Managing the Money (Part 1) - Cash Flow
Your MSP business is doing well; you have enough customers now so that your employees’ workload is comfortably full. Money is coming in; you’re finally turning a healthy profit. That doesn’t mean you can just sit back and relax and turn the management of that money over to someone else – even if you can now afford to do that.
This is the time when you might be tempted to turn all that over to the “pros,” but you should resist the temptation. No matter how much you trust your bookkeeper/accountant, banker, investment advisor, etc., it’s important for you to stay involved in the management of your company’s money and stay aware and alert to what’s going on. In this series of articles, we’ll review some basic money management principles that will help keep your MSP in the black.
First, you need to make sure that the money is there to manage. “Cash flow problems” – that’s a common sign of a business that’s in trouble. Just because you have more customers and more work than ever, that doesn’t always mean the money is coming in. Don’t let the number at the bottom of your balance sheet – your total assets – fool you into thinking all is well if there’s a constant shortage of cash. Remember that it’s cash (or expensive credit) that pays the bills – not inventory, property, or accounts receivable.
In a service business, you provide services in exchange for money, so you don’t generally have inventory. You have investment in equipment, possibly buildings and other capital assets. You have expenses for personnel, operational supplies and services provided by others, such as electricity, Internet connectivity, janitorial, maintenance, and so forth. Your receivables represent the money owed to you by your customers.
Cash flow is about how much real money comes into and goes out of your accounts over a period of time, typically monthly. The ideal situation is to have positive cash flow, which means more money comes in than goes out. If you’re always scrambling – or even having to borrow money – to pay the company’s bills, something is wrong. Either you don’t have enough coming in, or you have too much going out (or both).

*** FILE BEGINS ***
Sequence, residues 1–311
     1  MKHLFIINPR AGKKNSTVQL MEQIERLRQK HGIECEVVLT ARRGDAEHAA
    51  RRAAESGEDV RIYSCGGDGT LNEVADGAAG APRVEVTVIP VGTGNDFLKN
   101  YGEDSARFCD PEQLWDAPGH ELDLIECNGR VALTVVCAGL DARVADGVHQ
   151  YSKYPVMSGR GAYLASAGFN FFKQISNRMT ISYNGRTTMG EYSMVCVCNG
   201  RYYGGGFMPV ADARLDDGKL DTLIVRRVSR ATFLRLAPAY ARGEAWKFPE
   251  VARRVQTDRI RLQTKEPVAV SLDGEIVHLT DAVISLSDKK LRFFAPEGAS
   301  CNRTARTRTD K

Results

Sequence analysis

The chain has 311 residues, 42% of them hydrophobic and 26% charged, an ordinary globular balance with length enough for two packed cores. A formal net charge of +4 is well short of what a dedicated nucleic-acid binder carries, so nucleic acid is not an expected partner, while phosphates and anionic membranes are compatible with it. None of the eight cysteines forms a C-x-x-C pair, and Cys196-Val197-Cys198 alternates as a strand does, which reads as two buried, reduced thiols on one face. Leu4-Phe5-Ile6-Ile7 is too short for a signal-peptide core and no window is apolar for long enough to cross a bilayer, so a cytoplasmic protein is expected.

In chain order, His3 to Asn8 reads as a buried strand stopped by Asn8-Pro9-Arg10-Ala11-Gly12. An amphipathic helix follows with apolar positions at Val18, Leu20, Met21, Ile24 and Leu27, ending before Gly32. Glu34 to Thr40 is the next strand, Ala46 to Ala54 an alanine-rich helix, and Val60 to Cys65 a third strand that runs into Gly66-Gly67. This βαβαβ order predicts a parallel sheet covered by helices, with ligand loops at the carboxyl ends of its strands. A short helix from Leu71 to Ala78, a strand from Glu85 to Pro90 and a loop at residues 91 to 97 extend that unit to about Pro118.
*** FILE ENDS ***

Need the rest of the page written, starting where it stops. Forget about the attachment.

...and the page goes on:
Calculating cash flow
Managing your cash flow requires “knowing how it’s flowing.” You do that by periodically doing (or having done) a cash flow analysis. It’s a pretty simple process, as shown by this article on How to do a Cash Flow Analysis.
Correcting negative cash flow
Maybe you need more customers. Maybe you need to raise your rates. Maybe you need to make a greater effort to collect what’s owed to you in a timely fashion. Those are ways to increase the amount of cash coming in. Or maybe you need to reduce your expenditures. That could mean making some hard decisions, such as letting go employees who aren’t essential to the business, reducing salaries, or even moving to a less expensive part of town or to a smaller workspace. Or you might only need to “tighten the belt” and take some less painful steps to reduce the outgo, such as the ones suggested in this article titled 12 Cost Cutting Ideas for Your Small Business to Save Money & Reduce Expenses.
A common problem with growing businesses is lack of time to get everything done that needs to be done. Sometimes we’re all working so hard to make the money that we don’t get around to following up so that work turns into money. As a small business owner, I’ve been guilty of this one myself – forgetting to invoice customers promptly, or letting a stack of checks sit around because I didn’t have time to get to the bank to deposit them.
You want to collect the money as quickly as you can; send out invoices as soon as the services are rendered (or promptly on a monthly basis if that’s the payment arrangement). Give customers an incentive to pay promptly by instituting a late fee. On the other hand, you should pay your on bills on time, but not early.
Putting your cash to work
Once you have the cash flowing properly, you can enjoy the benefits of a positive cash flow. You’ll automatically reduce outgo by avoiding paying the interest that you owe when you have to borrow to pay the bills. You can take advantage of cash discounts to save money on purchases for the business. You’ll have money in reserve in case of an emergency, such as a natural disaster or the sudden loss of a key customer.
How much cash is too much? If you’re too “cash heavy,” you have money sitting there that could perhaps be put to better use elsewhere. You want to keep enough money in your accounts so that your bank won’t charge you service fees, but not a lot more. If you have loans, use the extra cash to pay them off. Or invest the cash in safe investments. It’s true that interest rates are at all-time lows (good for borrowers, bad for investors) but some interest is better than no interest.
Next time, we’ll talk about dealing with banks.
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